The first day of CoinGeek Seoul was dedicated to Bitcoin’s technical power, and there was a lot of talk about how Bitcoin is coming more powerful on its road to Genesis. Several developers from nChain, led by Technical Director Steve Shadders, took the stage to explain exactly what they’re doing to bring Bitcoin SV (BSV) back into alignment with Satoshi’s original vision, and allow it to scale the blockchain to an unlimited degree.
Shadders began the discussion by giving a bit of a history on Bitcoin, describing how it was held back needlessly by Bitcoin Core developers. But now that it’s following its original vision once again as BSV and being allowed to scale, it’s showing very healthy growth, with constantly increasing transaction counts, block sizes, and usage, all positive indicators that its going in the right direction.
He then teased a few big changes coming when BSV returns to its genesis. OP_RETURN, which was limited for so long, will soon have the ability to have multiple OP_RETURNs in the same transaction. Big numbers is coming to BSV, allowing it to have cryptography in script for the first time. It will also expand beyond the current three scripting options to have many more.
One point he explained at length was the deprecation of Pay-to-script-hash (P2SH), which is being done for both technical and philosophical reasons. It’s being made up for by the introducing of accumulator multisig, and dove deep into the code of how that will work.
The goal of all this is to increase the security of zero confirmation transactions, or zero conf. Building confidence in zero conf is important to scaling, Shadders explained, because it builds confidence that bigger things can be done without a potential lack of security or funds.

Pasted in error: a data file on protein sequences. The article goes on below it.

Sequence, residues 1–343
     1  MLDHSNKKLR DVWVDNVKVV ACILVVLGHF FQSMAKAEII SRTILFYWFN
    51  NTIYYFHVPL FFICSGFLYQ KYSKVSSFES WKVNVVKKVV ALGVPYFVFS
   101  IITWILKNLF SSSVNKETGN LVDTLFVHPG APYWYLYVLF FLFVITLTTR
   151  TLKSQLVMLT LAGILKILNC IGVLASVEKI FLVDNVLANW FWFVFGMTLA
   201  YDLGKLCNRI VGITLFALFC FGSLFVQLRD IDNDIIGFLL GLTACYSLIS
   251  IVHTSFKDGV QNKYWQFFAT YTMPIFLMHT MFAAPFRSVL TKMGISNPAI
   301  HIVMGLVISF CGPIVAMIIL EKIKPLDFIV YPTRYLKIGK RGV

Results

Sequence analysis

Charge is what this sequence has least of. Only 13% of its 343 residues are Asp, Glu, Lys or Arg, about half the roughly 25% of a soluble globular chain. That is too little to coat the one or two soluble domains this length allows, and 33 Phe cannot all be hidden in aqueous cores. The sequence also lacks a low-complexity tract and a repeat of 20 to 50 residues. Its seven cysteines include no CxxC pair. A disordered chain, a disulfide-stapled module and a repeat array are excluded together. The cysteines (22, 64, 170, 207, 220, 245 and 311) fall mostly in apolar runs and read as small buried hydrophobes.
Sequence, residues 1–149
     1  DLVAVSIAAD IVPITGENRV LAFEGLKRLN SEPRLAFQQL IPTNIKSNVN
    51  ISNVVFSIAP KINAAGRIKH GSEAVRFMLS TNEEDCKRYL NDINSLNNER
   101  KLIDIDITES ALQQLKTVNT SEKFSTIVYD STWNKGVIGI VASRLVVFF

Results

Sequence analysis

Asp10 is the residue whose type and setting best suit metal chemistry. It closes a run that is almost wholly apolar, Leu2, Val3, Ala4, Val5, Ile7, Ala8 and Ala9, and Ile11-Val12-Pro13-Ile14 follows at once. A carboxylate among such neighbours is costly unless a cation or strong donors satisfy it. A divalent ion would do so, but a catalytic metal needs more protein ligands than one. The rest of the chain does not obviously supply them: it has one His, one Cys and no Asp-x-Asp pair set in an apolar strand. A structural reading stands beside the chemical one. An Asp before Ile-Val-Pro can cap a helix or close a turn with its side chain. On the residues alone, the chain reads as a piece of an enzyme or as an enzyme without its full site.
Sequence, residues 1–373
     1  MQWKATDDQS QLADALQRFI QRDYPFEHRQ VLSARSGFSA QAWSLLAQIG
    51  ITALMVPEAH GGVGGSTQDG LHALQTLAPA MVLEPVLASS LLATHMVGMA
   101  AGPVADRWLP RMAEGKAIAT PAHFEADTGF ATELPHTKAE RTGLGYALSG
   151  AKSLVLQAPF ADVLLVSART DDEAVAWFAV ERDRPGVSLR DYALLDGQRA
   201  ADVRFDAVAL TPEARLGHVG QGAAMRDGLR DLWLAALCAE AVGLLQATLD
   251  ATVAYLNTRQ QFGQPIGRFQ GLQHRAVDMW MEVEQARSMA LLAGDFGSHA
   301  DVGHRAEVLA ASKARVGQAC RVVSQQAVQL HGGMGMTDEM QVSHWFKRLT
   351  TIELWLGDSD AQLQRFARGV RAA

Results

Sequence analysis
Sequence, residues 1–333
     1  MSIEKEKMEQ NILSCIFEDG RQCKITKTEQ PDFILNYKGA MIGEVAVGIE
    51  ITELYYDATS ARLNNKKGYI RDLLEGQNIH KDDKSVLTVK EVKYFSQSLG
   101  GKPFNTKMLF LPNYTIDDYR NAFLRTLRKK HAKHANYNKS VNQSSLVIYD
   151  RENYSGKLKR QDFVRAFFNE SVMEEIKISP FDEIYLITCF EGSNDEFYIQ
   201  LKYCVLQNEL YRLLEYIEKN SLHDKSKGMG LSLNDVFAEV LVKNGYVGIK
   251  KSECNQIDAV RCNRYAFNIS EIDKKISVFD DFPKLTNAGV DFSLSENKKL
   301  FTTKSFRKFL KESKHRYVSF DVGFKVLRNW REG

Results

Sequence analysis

Shadders then introduced Daniel Connolly, Lead Developer of the Bitcoin SV node project, to explain to the crowd what Terranode is. “Terranode is bitcoin server software that has been rebuilt from the ground up for enterprise and scale,” he explained simply.
What it hopes to accomplish is 50,000 transactions per second, with big blocks and big transactions. It will do this with better messaging, allowing for large data and streaming data support. It will also have more efficient data stores, keeping only what’s necessary to keep the blockchain going.
Terranode already exists in an experimental stage, working on both the Mainnet and Scaling Test Network (STN). He also noted that a P2P system is currently in development.
Next, John Murphy was welcomed to the stage. He is the Lead Developer of the Nakasendo SDK team.
What is Nakasendo? If you’ve been following Dr. Craig Wright’s writings, you’ll already be familiar with the concept. It allows for public shared secrets or functions, without individual members giving up any privacy involuntarily. “You don’t have a single private key, the private key has been split into multiple shares and these can be distributed across multiple parties or players,” he said.
Murphy conducted a live demonstration of working Nakasendo code for the audience, demonstrating that the tools to allow board members to make decisions for their enterprises on the blockchain is already within reach.
Finally, Dr. Alex Mackay, a researcher at nChain, took the stage in the afternoon to talk about how simplified payment verification (SPV) can be introduced in a low bandwidth process to increase merchant adoption.
To spread crypto adoption, Mackay noted, crypto payments have to get closer to how fiat payments work, and specifically, how we traditionally pay for items at a check-out counter. The customer needs to be able to spend BSV without being online, putting the burden on the merchant to broadcast the transaction.
To do this, a low bandwidth SPV system is the solution. Customers will have wallets which can be offline the majority of the time, with only the ability to pay for transactions with contained block headers UTXOs, Input Txs and Merkle paths. Merchants, on the other hand, will have systems which can be branched throughout a location with a central hub, receiving those payments and broadcasting them to the blockchain.
It’s a system that may not be too far away from reality, as it’s been built to work with BIP270.
The folks at nChain hope that these new pieces of infrastructure will help BSV towards its goal of scaling, and every single element discussed by the team at CoinGeek Seoul does that in one way or another. Faster transactions, bigger blocks, and more possibilities are being promised to the users and enterprises who chose BSV.